The ERS returns are accessed through the same online portal as you use for your usual payroll filings. Your business is probably already registered as an employer, but if going online for the first time, you’ll need to first register for online services via the HMRC website, selecting ‘PAYE for Employers’ and following the instructions. Within your account you can register your share schemes in the ERS section, which is where you’ll find the various forms. HMRC’s guidance can also be accessed through this online portal.
You will receive a scheme reference number in respect of each share scheme you have, which is needed in order to prepare and submit the relevant returns. These are:
- Form 34 for Save as you Earn (SAYE)
- Form 35 for Company Share Option Plan (CSOP)
- Form 39 for Share Incentive Plan (SIP)
- EMI40 for Enterprise Management Incentive (EMI)
- Other ERS Return (formerly known as ‘Form 42’) for unapproved arrangements.
If you have one of the tax advantaged share plans in place, i.e. EMI, SAYE, CSOP or SIP, then you will have to complete the relevant form. Information on registering and submitting returns is below. Everything else reportable goes on the ‘other ERS return’.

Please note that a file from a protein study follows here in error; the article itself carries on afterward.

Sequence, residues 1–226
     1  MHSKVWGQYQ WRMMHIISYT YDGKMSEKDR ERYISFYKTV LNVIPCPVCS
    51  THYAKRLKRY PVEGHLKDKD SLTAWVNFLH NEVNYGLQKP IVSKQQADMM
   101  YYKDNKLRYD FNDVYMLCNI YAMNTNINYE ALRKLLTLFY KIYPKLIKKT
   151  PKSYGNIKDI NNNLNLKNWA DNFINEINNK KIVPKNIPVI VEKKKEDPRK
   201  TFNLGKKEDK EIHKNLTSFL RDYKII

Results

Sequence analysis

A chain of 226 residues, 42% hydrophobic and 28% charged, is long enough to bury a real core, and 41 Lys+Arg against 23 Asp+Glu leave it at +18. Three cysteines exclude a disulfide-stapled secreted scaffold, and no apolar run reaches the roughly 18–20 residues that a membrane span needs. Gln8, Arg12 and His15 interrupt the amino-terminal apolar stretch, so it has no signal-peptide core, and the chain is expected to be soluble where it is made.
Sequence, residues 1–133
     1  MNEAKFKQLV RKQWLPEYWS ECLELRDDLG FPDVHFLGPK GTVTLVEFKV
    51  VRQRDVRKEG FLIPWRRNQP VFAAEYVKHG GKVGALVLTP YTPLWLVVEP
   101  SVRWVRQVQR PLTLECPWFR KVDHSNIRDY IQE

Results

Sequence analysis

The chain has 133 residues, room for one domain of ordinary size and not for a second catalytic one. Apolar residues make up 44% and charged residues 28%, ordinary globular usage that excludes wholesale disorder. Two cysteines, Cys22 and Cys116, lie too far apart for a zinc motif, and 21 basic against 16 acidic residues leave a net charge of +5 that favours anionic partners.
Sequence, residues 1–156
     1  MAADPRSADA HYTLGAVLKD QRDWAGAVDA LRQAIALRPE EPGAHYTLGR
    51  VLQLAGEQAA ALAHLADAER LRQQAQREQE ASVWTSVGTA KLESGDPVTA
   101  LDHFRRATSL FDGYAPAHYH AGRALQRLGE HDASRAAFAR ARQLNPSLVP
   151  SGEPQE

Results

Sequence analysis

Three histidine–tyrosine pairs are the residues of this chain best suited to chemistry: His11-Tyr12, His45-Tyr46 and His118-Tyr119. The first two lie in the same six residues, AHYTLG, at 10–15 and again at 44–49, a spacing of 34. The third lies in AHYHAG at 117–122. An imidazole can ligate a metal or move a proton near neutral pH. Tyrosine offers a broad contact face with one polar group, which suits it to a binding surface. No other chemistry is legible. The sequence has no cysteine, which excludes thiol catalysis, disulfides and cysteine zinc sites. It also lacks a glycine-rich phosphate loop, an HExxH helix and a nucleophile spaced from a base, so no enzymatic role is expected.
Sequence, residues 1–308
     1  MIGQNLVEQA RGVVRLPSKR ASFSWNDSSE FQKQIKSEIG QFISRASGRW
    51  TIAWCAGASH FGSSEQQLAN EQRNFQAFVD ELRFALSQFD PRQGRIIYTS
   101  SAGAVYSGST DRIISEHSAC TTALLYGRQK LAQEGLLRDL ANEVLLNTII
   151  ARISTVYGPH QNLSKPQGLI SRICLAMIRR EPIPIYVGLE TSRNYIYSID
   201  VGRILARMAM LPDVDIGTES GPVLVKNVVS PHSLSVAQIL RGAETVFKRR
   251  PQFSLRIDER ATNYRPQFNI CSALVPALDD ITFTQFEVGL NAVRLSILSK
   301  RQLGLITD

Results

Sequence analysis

When to report
For ‘unapproved’ arrangements, you need only register the ‘scheme’ with HMRC once a reportable event occurs for the first time, and this must be done by the 6 July following the end of the relevant tax year. Once a scheme has been registered, a return will be required for each subsequent tax year, regardless of whether there have been any reportable events during that year. This deadline is especially important now that HMRC no longer issue notices or reminders to file online. HMRC will issue automatic penalties both for returns filed after this date and for returns not made electronically.
Please note, confusingly, HMRC refer to all such arrangements as ‘schemes’, however, there are in fact a wide variety of reportable transactions, please see section below.
What are securities?
The word ‘securities’ describes a wide range of financial instruments and includes, among other things, government and corporate bonds, loan stock and shares.
When are securities ‘Employment Related’
Sometimes it is obvious when a security is employment related, such as where a manager is rewarded with shares for good performance.
However, the actual definition is much wider. Securities are deemed to be ‘Employment Related’ if acquired by a current, former or prospective director or employee. There may be a limited exception if you can show the transfer is by reason of a family or domestic relationship. However, due to the wide range of the deeming provision even ‘founder shares’ are caught.
View our other blogs in our ERS series: